Go Tar Heels. About 50 journalists and SPJ leaders spent an afternoon in Chapel Hill, N.C., earlier this month learning ways to improve their work and make their jobs more interesting and fun. Journalists from the area and SPJ volunteers led open discussions about hyper-local news coverage, time management and new business models for journalism. During a show-and-tell session, the group examined gadgets - cameras, recording devices and software - one journalist uses to produce her work. This program worked because it built on the expertise of journalists in the area and in the room. Look around your own newsrooms for people who are doing something interesting or innovative and ask them to share how they're doing it and why. You'll be surprised what you find, and you might learn a new skill or two in the process. The North Carolina program was sponsored by SPJ and the University of North Carolina at Chapel Hill.
Shield loss. A federal judge yesterday ordered five journalists to identify the government officials who anonymously provided information to them about an investigation of Steven Hatfill, the scientist who was identified as "a person of interest" in the 2001 anthrax attacks. Get the latest details on the LDF Shield.
Black enough?. National Diversity Committee member Holly Edgell discusses her recent disappointment with a reporter who asked Sen. Hillary Clinton, D-N.Y., if she was "black enough" to deserve the African-American vote at this year's National Association of Black Journalists convention. Read Holly's thoughts in Who's News, SPJ Diversity Committee's blog.
News Gems. SPJ Member Jon Marshall profiles the best in American Journalism each day on his blog, News Gems. Read up and get inspired. Suggest feature ideas to Jon by e-mailing him.
Take the lead. Generation J Committee member Sonya Smith says young journalists need to take the lead to ensure a bright future for journalism. Get her perspective and add your own thoughts to her discussion.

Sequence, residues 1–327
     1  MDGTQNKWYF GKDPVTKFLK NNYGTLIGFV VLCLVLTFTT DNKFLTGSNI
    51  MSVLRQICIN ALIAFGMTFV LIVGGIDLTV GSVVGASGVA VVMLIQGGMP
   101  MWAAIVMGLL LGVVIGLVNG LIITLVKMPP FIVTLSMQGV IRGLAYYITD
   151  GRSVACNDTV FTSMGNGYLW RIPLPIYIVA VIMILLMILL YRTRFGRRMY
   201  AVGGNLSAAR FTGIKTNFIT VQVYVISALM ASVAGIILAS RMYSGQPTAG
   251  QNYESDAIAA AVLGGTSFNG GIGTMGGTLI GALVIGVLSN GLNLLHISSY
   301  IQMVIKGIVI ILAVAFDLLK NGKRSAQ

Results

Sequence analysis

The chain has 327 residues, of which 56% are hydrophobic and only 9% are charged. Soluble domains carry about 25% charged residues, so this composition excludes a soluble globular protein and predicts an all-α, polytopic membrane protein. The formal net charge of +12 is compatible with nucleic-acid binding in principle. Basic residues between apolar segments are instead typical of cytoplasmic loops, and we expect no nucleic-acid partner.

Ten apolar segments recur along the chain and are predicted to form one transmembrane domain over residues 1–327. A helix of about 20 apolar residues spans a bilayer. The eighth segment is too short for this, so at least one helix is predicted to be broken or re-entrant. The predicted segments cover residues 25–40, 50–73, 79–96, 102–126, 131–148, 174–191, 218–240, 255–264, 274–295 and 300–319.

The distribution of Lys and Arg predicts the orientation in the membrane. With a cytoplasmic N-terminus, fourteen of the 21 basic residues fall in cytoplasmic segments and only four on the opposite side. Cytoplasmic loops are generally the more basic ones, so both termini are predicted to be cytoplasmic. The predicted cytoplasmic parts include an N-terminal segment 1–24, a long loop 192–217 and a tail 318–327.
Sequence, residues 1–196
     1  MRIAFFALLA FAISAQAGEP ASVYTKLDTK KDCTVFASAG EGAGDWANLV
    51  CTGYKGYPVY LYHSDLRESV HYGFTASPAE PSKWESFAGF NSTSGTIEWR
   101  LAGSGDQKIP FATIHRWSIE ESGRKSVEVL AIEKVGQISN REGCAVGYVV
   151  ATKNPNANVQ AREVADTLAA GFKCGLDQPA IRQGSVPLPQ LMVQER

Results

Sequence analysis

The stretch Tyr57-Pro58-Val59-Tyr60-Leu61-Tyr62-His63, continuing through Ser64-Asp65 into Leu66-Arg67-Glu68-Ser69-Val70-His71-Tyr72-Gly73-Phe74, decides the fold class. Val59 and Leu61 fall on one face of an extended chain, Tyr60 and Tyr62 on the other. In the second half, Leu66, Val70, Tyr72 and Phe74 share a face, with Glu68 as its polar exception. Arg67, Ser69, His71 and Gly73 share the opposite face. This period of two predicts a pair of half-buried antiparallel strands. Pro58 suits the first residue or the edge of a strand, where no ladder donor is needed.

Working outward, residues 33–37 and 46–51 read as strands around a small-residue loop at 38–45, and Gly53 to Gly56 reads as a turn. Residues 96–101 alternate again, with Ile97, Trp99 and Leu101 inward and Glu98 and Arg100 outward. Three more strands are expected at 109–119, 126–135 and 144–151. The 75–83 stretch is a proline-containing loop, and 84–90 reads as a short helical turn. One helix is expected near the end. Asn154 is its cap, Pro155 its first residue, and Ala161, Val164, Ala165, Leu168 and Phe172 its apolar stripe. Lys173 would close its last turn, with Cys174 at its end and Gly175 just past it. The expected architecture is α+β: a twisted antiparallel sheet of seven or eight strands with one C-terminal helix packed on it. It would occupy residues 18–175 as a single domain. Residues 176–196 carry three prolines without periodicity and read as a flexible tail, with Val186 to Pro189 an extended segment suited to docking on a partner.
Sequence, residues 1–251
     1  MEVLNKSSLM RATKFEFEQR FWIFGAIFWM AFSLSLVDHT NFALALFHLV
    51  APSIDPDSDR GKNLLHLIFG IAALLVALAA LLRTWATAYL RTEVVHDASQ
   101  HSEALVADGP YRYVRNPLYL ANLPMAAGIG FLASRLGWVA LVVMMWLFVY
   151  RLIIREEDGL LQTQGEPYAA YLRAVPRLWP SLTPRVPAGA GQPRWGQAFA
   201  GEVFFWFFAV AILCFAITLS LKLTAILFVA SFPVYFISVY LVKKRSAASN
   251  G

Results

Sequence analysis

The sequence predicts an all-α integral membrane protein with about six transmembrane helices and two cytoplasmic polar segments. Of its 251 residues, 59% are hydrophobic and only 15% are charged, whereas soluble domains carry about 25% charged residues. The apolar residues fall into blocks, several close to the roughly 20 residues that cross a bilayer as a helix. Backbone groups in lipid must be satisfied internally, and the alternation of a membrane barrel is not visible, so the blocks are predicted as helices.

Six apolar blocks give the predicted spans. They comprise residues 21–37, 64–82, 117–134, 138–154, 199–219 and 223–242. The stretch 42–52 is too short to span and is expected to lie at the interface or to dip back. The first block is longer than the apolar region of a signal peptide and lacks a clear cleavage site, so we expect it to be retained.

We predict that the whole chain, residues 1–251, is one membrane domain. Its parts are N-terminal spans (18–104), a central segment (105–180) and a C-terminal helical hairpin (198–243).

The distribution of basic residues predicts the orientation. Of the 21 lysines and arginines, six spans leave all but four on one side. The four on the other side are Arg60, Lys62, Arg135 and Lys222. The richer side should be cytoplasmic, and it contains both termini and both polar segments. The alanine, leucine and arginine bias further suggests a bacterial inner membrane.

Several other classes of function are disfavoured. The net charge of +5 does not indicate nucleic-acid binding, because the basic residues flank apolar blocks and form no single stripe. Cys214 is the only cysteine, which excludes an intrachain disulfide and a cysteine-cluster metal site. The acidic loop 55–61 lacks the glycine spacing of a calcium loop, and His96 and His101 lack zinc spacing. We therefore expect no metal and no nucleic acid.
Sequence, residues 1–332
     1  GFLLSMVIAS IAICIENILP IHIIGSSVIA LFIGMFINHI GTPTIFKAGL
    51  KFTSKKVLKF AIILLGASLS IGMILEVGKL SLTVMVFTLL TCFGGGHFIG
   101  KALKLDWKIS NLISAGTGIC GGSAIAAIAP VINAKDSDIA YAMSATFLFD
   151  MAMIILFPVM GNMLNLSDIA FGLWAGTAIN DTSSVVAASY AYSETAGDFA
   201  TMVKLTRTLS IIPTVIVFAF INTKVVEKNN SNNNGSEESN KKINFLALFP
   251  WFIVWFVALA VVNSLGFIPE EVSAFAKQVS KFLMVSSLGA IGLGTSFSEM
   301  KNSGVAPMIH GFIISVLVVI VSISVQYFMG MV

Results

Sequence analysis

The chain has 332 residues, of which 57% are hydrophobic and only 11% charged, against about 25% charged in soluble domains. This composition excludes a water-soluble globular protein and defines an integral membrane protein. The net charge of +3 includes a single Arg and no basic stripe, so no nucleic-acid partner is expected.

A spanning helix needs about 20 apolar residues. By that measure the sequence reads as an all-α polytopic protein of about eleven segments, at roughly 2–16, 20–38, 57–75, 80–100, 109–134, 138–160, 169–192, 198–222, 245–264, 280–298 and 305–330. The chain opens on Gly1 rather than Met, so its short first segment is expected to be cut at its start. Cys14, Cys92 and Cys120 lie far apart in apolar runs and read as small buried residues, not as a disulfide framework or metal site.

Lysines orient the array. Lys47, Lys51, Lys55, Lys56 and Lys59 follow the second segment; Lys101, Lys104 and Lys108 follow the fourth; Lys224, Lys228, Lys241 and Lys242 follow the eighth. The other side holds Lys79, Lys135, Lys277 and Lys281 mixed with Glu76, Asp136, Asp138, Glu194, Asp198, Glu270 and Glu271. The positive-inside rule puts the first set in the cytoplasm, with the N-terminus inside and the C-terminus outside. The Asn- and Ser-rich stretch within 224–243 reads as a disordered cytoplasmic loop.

Dreams vs. Reality. For many recent college grads, landing the ideal job can be a challenge. SPJ Member Dale Denwalt II offers considerations for job searching and finding the perfect fit.
August Quill. The August edition of Quill magazine is available online. SPJ National President Christine Tatum writes about the touchy subject of journalism certification. Other highlights include preparing students for the newsroom, the benefits of international media partnerships and a guide to the 2007 SPJ Convention & National Journalism Conference.
Chapter cash. SPJ will invest $5,000 to fund local chapter programs during 2007-2008. Your chapter could receive up to $500 for a program or activity. All fully chartered SPJ chapters in good standing with the national organization are eligible to submit a grant proposal. Eligible chapters must have a 2006-07 annual report on file with the national office. Grant proposals are due by midnight, Sept. 28. All proposals must be submitted online. Questions? Contact Heather Porter via e-mail or at (317) 927-8000, ext. 204.